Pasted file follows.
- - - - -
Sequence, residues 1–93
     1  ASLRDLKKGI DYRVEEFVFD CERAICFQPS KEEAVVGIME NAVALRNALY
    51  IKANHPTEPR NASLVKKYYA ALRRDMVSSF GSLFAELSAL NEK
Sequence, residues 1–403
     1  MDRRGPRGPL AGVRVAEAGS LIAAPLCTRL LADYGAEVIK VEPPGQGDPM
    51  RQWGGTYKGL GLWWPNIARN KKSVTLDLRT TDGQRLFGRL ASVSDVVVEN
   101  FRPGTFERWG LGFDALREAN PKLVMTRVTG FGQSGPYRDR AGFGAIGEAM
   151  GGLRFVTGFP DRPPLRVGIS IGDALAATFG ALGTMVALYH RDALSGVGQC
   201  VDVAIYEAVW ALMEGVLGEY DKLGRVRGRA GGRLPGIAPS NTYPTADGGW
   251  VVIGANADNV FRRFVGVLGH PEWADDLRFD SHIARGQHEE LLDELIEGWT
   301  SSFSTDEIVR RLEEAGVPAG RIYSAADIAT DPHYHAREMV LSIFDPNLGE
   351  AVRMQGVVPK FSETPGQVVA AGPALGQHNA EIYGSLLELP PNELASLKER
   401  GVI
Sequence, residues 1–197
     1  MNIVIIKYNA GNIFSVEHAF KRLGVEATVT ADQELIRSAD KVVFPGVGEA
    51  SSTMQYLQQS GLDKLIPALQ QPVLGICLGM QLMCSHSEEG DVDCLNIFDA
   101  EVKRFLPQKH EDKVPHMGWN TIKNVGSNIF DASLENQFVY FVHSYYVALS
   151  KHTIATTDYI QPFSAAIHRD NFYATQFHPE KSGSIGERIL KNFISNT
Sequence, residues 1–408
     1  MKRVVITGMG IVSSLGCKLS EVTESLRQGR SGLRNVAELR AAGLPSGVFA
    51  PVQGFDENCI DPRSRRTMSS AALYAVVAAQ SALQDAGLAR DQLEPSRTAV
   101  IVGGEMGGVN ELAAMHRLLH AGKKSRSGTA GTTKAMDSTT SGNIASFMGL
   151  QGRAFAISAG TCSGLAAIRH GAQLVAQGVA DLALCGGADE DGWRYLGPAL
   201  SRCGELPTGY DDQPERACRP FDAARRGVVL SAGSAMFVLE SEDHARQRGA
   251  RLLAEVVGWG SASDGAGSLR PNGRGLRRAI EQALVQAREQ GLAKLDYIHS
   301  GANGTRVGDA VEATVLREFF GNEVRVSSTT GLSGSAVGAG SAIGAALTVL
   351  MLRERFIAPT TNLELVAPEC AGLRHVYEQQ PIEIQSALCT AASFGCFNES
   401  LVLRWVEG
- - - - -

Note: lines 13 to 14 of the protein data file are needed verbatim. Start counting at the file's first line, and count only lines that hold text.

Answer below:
   401  GVI
Sequence, residues 1–197